Grammarly raises fresh capital fund at a valuation of $13 billion


Grammarly, which makes artificially intelligent software that helps improve people’s writing, has raised fresh capital at a valuation of $13 billion, underscoring sky-high demand for technology tools that provide writing assistance.

The surge in its valuation highlights Grammarly’s stunning growth in recent years after it launched a freemium business model in 2015, helping it amass a loyal base of millions of daily users and other big-name enterprise customers including Zoom Video Communications Inc, Cisco Systems Inc , Dell Technologies Inc and Expedia Group Inc .

In its previous funding round in 2019, it was valued at more than $1 billion. Grammarly said its services are currently used by roughly 30 million people every day.

In the latest round, Grammarly raised over $200 million from investors led by Baillie Gifford and funds and accounts managed by BlackRock Inc.

The startup has no imminent plans to go public, Chief Executive Officer Brad Hoover told Reuters in an interview.

Founded in 2009 by Max Lytvyn, Alex Shevchenko and Dmytro Lider, Grammarly was initially focused on a subscription-based product to help students with their and spelling.

Grammarly uses machine learning to assist not only with basic writing, but also spell-check, grammar, tone of language and context.

Since it was launched, Grammarly has built numerous products, including Grammarly Business, which help large across different functions including sales and marketing. Some of its other services include a plagiarism detector.

The startup also recently struck a partnership with Samsung Electronics, and under the deal, Grammarly’s writing suggestions will be integrated with the South Korean company’s smartphone keyboard. That will enable Samsung customers to use Grammarly’s tools, without having to install an app.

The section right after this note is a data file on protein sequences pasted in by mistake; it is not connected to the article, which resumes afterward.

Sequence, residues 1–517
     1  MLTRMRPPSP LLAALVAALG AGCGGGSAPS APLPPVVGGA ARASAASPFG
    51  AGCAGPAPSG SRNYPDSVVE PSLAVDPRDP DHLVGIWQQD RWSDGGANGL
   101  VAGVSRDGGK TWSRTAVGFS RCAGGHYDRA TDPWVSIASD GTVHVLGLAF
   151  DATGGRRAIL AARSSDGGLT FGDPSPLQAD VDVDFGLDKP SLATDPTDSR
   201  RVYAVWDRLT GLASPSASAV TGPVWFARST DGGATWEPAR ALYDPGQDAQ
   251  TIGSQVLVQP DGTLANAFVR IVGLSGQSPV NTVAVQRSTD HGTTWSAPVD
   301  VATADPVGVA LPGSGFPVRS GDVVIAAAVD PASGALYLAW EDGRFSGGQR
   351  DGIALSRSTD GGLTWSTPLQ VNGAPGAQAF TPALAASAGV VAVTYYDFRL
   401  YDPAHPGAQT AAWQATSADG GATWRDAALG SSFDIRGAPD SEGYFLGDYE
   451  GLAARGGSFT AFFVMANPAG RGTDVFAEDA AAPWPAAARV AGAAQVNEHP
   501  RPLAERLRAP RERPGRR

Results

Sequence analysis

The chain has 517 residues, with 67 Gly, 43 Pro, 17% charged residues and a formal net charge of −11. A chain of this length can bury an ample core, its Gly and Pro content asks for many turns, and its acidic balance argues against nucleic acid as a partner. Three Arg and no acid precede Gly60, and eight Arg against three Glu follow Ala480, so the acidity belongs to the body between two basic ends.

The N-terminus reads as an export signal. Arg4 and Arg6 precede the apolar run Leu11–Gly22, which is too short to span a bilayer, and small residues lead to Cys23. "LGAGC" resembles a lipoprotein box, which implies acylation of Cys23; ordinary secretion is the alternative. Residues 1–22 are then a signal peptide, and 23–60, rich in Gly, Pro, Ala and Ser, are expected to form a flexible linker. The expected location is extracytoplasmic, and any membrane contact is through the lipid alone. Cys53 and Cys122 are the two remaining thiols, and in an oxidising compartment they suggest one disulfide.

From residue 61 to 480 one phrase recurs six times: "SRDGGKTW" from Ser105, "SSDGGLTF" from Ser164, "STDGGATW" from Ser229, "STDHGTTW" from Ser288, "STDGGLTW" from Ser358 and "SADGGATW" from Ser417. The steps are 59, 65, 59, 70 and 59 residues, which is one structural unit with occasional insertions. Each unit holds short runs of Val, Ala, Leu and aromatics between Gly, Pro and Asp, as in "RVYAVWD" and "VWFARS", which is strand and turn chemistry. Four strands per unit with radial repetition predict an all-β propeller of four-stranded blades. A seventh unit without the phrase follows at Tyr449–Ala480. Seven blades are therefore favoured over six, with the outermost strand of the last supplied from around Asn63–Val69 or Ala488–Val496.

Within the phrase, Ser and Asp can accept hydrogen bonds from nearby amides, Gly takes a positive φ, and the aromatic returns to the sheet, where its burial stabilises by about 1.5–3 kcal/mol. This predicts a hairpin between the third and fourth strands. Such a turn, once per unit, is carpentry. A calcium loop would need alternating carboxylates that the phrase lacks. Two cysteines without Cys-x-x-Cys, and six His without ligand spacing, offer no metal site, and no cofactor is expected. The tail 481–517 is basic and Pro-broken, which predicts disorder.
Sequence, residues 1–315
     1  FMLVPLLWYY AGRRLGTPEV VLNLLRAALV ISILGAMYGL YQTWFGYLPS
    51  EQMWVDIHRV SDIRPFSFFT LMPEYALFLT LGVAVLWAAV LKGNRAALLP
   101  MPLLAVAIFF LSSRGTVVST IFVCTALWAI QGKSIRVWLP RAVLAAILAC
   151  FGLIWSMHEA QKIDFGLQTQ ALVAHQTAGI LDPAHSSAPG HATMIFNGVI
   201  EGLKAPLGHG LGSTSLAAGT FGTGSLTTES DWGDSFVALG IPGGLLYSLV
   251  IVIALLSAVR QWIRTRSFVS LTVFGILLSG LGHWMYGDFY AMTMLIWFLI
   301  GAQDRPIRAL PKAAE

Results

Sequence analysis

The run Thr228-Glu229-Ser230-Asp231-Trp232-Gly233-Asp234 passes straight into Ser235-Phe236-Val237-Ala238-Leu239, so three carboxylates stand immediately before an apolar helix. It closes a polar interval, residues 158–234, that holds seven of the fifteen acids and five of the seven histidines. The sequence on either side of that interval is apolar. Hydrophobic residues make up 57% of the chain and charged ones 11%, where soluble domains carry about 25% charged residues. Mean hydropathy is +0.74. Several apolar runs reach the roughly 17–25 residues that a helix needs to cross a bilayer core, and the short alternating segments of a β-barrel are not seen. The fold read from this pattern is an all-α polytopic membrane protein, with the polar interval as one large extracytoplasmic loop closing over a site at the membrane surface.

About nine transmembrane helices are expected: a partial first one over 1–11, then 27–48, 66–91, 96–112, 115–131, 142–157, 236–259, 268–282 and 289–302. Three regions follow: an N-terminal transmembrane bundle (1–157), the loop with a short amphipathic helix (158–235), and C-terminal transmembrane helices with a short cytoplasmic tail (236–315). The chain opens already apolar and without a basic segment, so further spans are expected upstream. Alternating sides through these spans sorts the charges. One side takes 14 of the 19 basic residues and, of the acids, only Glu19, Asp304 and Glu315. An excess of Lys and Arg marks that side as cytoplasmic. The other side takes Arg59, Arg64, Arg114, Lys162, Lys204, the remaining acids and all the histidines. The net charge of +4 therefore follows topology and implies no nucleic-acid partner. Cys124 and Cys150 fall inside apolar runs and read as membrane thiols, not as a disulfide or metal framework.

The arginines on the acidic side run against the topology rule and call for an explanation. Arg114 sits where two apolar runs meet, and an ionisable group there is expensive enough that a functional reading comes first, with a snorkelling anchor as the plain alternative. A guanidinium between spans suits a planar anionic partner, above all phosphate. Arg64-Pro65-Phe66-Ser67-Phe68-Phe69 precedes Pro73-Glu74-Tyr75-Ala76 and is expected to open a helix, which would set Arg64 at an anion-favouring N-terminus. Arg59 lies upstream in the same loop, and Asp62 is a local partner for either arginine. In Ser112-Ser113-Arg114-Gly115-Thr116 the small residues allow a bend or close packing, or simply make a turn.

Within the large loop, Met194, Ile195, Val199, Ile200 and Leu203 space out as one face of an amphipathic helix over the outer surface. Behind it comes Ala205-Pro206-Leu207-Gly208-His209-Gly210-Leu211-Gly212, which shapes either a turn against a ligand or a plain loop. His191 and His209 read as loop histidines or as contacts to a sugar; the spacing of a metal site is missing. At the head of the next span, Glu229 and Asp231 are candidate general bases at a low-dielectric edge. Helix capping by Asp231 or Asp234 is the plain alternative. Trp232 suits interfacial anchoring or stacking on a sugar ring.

Grammarly also has a desktop application for Microsoft Corp’s Windows and Apple Inc’s Mac operating systems.

(Reporting by Sohini Podder in Bengaluru; Editing by Anirban Sen and Sherry Jacob-Phillips)

(This story has not been edited by Business Standard staff and is auto-generated from a syndicated feed.)

mail Dear Reader,

Business Standard has always strived hard to provide up-to-date information and commentary on developments that are of interest to you and have wider political and economic implications for the country and the world. Your encouragement and constant feedback on how to improve our offering have only made our resolve and commitment to these ideals stronger. Even during these difficult times arising out of Covid-19, we continue to remain committed to keeping you informed and updated with credible news, authoritative views and incisive commentary on topical issues of relevance.

We, however, have a request.

As we battle the economic impact of the pandemic, we need your support even more, so that we can continue to offer you more quality content. Our subscription model has seen an encouraging response from many of you, who have subscribed to our online content. More subscription to our online content can only help us achieve the goals of offering you even better and more relevant content. We believe in free, fair and credible journalism. Your support through more subscriptions can help us practise the journalism to which we are committed.

Support quality journalism and subscribe to Business Standard.

Digital Editor


Source link